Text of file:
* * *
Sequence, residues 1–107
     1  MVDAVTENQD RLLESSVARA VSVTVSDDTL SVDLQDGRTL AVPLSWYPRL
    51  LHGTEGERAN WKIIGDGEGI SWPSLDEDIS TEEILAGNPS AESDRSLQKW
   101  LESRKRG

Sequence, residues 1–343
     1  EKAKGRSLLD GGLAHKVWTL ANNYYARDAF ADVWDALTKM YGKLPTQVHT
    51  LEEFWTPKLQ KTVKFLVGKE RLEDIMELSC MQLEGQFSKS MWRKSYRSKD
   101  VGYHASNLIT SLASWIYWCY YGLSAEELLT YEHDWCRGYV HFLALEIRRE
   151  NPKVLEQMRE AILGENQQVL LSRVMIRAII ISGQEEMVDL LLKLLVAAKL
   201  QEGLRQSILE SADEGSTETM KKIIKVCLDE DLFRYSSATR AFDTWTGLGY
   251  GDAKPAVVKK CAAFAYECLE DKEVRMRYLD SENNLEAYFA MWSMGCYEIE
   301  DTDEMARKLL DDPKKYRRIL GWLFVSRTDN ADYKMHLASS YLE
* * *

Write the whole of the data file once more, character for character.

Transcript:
Sequence, residues 1–107
     1  MVDAVTENQD RLLESSVARA VSVTVSDDTL SVDLQDGRTL AVPLSWYPRL
    51  LHGTEGERAN WKIIGDGEGI SWPSLDEDIS TEEILAGNPS AESDRSLQKW
   101  LESRKRG

Sequence, residues 1–343
     1  EKAKGRSLLD GGLAHKVWTL ANNYYARDAF ADVWDALTKM YGKLPTQVHT
    51  LEEFWTPKLQ KTVKFLVGKE RLEDIMELSC MQLEGQFSKS MWRKSYRSKD
   101  VGYHASNLIT SLASWIYWCY YGLSAEELLT YEHDWCRGYV HFLALEIRRE
   151  NPKVLEQMRE AILGENQQVL LSRVMIRAII ISGQEEMVDL LLKLLVAAKL
   201  QEGLRQSILE SADEGSTETM KKIIKVCLDE DLFRYSSATR AFDTWTGLGY
   251  GDAKPAVVKK CAAFAYECLE DKEVRMRYLD SENNLEAYFA MWSMGCYEIE
   301  DTDEMARKLL DDPKKYRRIL GWLFVSRTDN ADYKMHLASS YLE